And it’s terribly expensive. Country music star Dolly Parton once quipped, "you have no idea how much it costs to look this cheap." [LAUGHTER] The same can be said about American health care. You have no idea how much it costs to run this poorly. We spend two trillion dollars a year on health care, and a trillion dollars is a lot of money. Put this in perspective, a million seconds ago was last week. A billion seconds ago Jimmy Carter was inaugurated president. A trillion seconds ago was thirty thousand BC. For two trillion dollars we can take good care of everybody in this country and have a lot left over, and you don’t have to look outside the US for proof.

If everybody practiced medicine as efficiently as they do in Rochester, Minnesota and Salt Lake City, Utah, Medicare could pay thirty percent less to doctors and hospitals, and everybody would get better care. But it won't happen on its own, because one person’s waste is another person’s revenue stream. That's why we need a cop on the beat, and the only cop with the clout to get the health care industry to play by the rules is the federal government. My side has given you several reasons to vote for tonight’s resolution, but the most compelling one of all is your own self interest, because a health care system that doesn't work for everyone may not work for you when the chips are down.

Take it from me, an ER doc, no one can predict when a life threatening emergency may strike, but if it does, you’ll want your hospital to go the extra mile, not your ambulance.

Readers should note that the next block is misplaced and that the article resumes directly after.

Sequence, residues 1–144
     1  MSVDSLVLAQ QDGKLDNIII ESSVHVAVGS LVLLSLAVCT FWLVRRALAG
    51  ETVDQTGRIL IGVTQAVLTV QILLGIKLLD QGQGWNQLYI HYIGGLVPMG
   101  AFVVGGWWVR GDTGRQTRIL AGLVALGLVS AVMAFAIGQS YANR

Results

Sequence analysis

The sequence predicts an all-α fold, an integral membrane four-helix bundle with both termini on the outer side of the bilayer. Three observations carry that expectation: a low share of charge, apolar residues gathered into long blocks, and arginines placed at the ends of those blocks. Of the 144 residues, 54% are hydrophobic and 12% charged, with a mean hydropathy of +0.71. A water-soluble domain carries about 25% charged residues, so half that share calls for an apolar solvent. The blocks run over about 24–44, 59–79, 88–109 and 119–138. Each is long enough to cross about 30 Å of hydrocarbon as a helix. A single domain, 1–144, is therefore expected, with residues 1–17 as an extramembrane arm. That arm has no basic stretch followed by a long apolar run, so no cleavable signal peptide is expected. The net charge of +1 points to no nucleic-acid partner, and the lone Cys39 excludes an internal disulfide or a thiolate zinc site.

Originally posted to ericfolkerth on Thu Aug 20, 2009 at 02:42 PM PDT.

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Comment Preferences

  •  I remember when privatization was the new (2+ / 0-)
    Recommended by:
    Chi, Regina in a Sears Kit House

    buzzword for the way all business should be run.  Anything public should be privatized for efficiency it was touted.  Business men could run everything from jails and public works and education, even healthcare far better than government bureucracy.  It was an idea.  A great idea.  It got to see its day and ever since government run entities that incorporated the privatization idea have all gone to hell.  They even used a missionary company like blackwater to help fight wars. They wreaked more havoc under their immunity status from rape and murder, to faulty wiring to exhorbitant pricing to government funded and unfinished projects.  All privatization has done is lower standards, disregard the human factor in their work and take government money to do it.

    Oh and deregulation, particularly in the realm mof money, just how stupid.  The privates became robbers.

    'All I really want to say, is they don't really care about us' MJ

    by publicv on Thu Aug 20, 2009 at 03:02:47 PM PDT